Jeans: I still wear mid-weight, raw denim jeans for most of the summer, but 3sixteen recently released a slightly lighter weight 12oz alternative to their 14.5oz flagship jeans. “12oz was the lightest that we felt we could go before robbing the denim of its personality,” says 3sixteen co-owner Andrew Chen. “There’s a misconception that lighter weight denim doesn’t fade as well. Our lightweight jeans wear in just as beautifully since we used the same warp threads on our 14.5oz jeans as we did on the 12oz versions.” The jeans have also been garment rinsed and then hung dry — not necessarily a distressing process, but basically the same as an initial at-home soak. “It gets rid of some of the starch that is imparted to the denim during the sanforization process, and overall it makes the jeans lighter, softer, and a bit easier to break in,” says Chen.
Denim Alternatives: If jeans are too uncomfortable, try olive fatigues, cargo pants (yes, cargo pants), and military chinos. The military originals, after all, were designed by the US Quartermaster Department for American GIs stationed abroad in hot climates. Designer versions aren’t the same, but they’re fairly close in terms of their material and weave, and I find they’re workable on hot days. I’ve also been eyeing carrot-cut chinos from Fujito, which have the industrial ‘90 skate vibe of Dickies and Red Kap, but none of the polyester-blend sheen.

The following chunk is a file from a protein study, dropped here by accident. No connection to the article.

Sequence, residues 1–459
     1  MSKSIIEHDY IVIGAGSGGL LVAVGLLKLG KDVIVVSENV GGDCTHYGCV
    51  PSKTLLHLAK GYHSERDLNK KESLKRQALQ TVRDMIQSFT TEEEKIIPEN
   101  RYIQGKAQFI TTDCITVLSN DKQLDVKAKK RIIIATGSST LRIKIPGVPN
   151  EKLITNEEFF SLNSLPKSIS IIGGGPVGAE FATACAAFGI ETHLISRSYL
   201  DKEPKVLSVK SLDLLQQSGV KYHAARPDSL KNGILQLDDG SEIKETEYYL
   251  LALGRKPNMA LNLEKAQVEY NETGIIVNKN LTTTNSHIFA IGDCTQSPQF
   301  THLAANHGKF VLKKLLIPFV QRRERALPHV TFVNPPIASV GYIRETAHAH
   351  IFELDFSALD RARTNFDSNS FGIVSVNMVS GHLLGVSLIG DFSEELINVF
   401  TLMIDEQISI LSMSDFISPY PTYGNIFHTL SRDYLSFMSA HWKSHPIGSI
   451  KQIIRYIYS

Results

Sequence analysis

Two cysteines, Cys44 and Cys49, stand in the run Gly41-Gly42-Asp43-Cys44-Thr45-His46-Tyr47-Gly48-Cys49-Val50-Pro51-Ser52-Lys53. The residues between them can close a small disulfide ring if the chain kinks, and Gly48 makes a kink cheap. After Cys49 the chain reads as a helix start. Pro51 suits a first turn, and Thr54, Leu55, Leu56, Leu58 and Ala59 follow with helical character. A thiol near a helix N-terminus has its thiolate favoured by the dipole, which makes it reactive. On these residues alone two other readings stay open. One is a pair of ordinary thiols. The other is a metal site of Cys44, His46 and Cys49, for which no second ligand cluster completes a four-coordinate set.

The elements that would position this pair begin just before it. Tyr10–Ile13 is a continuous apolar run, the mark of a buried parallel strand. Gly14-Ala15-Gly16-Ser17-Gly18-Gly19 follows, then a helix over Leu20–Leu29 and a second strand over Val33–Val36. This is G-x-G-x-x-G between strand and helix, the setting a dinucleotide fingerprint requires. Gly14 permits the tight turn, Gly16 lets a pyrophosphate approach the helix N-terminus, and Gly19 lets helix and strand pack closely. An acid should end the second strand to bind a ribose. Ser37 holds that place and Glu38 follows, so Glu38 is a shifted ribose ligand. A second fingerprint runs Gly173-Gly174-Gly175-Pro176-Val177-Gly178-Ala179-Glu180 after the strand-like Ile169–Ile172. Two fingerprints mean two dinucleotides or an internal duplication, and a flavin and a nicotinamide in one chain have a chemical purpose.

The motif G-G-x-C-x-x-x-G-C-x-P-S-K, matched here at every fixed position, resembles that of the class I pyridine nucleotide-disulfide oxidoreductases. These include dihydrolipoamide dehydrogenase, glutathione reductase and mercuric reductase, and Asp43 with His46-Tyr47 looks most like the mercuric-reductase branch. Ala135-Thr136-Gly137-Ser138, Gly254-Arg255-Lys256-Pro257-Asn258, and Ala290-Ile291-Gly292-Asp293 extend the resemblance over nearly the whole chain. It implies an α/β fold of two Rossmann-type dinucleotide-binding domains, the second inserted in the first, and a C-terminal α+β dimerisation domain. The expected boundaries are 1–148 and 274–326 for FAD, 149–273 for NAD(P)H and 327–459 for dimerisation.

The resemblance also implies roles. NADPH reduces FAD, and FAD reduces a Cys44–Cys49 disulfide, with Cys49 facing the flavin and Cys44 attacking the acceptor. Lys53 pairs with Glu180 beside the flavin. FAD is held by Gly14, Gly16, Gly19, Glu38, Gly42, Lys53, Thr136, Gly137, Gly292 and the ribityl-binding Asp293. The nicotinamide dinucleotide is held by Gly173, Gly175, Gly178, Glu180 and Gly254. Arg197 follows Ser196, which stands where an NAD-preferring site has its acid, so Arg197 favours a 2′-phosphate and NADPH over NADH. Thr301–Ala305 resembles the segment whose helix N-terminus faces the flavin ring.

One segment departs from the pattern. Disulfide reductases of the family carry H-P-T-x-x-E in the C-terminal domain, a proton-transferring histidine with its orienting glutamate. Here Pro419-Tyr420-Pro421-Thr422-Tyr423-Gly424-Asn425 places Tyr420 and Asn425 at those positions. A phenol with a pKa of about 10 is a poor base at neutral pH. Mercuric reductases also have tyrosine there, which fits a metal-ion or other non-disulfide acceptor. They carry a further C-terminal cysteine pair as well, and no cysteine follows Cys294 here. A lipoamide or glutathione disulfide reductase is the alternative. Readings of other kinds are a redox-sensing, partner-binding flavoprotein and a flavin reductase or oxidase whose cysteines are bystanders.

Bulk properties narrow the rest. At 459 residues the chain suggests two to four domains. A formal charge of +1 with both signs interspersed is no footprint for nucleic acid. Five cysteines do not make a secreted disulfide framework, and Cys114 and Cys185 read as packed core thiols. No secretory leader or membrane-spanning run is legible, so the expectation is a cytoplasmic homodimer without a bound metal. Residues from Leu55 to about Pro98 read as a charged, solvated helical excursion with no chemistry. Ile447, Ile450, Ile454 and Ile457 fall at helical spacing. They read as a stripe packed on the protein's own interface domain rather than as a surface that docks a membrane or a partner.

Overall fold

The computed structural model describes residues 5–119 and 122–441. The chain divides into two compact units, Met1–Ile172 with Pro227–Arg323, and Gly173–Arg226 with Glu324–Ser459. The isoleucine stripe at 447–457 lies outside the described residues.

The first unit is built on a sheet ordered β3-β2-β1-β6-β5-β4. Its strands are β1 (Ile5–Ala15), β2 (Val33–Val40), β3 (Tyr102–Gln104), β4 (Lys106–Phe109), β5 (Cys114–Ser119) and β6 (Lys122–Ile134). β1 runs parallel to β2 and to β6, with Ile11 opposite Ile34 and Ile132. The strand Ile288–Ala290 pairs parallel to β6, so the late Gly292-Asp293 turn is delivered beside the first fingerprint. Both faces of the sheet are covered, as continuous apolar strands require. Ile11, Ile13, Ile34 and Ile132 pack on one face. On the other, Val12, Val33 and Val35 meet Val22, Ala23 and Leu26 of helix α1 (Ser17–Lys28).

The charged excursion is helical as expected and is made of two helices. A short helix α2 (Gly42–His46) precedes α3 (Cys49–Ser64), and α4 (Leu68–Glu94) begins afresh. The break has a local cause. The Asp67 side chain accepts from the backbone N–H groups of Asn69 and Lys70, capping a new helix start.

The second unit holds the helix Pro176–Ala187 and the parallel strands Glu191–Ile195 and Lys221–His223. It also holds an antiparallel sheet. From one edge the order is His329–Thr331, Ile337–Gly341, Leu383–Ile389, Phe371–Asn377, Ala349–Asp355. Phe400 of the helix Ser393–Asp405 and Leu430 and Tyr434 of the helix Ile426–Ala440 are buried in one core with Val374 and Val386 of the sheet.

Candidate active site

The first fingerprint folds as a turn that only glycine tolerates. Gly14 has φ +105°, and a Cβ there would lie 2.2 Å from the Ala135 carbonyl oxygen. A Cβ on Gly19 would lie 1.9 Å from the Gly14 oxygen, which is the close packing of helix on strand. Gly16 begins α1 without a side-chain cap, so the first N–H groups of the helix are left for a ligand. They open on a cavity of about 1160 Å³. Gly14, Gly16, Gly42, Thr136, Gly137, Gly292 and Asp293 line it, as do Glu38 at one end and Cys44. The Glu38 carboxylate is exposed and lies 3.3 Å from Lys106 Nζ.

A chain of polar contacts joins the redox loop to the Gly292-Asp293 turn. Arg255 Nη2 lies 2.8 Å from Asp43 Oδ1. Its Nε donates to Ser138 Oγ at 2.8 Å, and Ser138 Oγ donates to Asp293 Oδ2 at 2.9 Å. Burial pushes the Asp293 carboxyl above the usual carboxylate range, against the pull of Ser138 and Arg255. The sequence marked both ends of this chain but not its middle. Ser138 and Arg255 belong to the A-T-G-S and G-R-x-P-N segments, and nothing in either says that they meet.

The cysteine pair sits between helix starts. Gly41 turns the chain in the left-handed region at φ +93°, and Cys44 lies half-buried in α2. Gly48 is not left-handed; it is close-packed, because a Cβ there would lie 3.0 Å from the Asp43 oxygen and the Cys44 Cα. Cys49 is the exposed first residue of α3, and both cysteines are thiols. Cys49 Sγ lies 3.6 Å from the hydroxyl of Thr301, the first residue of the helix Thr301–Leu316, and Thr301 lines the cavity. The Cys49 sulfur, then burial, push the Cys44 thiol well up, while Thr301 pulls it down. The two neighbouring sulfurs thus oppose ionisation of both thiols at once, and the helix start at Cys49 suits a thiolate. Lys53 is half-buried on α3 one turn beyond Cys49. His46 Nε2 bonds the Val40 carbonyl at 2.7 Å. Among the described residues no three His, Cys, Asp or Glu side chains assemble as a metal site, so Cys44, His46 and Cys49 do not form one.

Shoes: I’ve been wearing my black Pretizada boots a lot lately with workwear, but the style is a bit too heavy on hot days. So when temperatures climb, I like low-cut shoes, such as Vans slip-ons and Authentics, Chuck Taylors, Rancourt and Oak Street Bootmakers mocs, Alden leisure handsewn loafers, Chamula woven huaraches, and if you’re daring, strapped sandals from Chaco (Sierra Trading Post has the Z1 on discount). Nike’s React 87s aren’t really a workwear style, but they can make rugged outfits feel a bit more modern and less repro. I recently bought the moss colorway.
Accessories: Finally, Wilde be damned, but I like wearing decorative accessories on hot days, even if they’re not about keeping things to the simplest forms. Summer can be a good time for statement eyewear and even a bit of tasteful jewelry. Lately, I’ve been into Jacques Marie Mage’s sunglasses, Kei Shinaga rings, and necklace I cobbled together with a vintage pocket watch chain and some pendants. When the weather is too hot for outerwear, I find accessories can make all the difference between an outfit that’s too wild and one that’s overly boring. Just choose wisely.